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£150,000 compensation for unnecessary lower limb amputation
Our client, Mr John Simon was at work when he experienced a sudden, sharp cold pain in his foot. It got so bad that John admitted himself to Kettering General Hospital A&E department. No-one in A&E checked for pulses in the main leg arteries, which was significant as it turned out that Mr Simon was in fact suffering from severe ischemia (a lack of blood flow).
Prompt treatment is essential in these cases, but it took more than a month to finally diagnose critical ischemia. By this time he was suffering from necrosis of the toes and a mid-foot amputation was performed, however his calf had also started to die, so a full below the knee limb amputation was done a month after the first amputation.
Mr Simon was left unable to walk unaided, unable to work and unable to support his family. The doctors involved had been negligent by failing to pay attention to test results and failing to refer Mr Simon urgently to hospital for treatment. The two NHS Trusts involved had also failed to properly assess, diagnose and treat Mr Simon correctly on many occasions.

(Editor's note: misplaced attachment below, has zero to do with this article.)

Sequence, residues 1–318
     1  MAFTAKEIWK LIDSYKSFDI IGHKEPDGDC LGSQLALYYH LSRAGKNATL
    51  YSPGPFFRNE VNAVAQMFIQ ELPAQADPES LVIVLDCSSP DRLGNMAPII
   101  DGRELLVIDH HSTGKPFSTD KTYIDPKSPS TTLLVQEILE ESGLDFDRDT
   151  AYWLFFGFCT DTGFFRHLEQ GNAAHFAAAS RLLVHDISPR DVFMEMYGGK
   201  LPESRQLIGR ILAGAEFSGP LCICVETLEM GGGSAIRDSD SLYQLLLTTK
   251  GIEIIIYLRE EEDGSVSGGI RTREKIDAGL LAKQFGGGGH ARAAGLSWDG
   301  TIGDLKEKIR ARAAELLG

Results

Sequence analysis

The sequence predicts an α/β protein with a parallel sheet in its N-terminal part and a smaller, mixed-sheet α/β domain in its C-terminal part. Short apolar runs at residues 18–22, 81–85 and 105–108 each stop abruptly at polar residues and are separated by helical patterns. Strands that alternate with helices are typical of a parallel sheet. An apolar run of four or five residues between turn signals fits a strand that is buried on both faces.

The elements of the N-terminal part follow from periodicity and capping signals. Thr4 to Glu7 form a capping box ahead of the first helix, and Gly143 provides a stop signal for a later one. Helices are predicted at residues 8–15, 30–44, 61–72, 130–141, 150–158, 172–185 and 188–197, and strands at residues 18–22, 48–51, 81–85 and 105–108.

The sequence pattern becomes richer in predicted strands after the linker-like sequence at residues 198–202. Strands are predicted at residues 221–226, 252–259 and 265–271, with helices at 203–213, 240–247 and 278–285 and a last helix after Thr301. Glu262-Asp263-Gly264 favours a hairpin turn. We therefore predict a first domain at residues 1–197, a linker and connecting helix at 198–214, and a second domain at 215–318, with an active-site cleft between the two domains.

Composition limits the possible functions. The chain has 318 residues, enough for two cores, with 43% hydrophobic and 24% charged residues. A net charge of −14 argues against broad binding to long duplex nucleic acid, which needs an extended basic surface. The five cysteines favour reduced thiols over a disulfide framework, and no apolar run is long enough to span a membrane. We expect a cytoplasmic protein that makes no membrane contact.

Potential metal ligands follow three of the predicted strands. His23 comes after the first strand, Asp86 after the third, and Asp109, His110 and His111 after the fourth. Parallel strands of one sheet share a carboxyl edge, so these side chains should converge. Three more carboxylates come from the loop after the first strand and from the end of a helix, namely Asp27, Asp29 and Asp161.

However, Mr Simon had a pre-existing condition that may have meant amputation would have been required at some future date in any event and that complicated things. The case was nearing trial when the defendants made an offer of £150,000. Given the uncertainties over pre-existing medical conditions, we advised our client to accept.
The award helped John to fund his care, physiotherapy and prosthetics and assisted with his move to a more suitable family accommodation for his needs.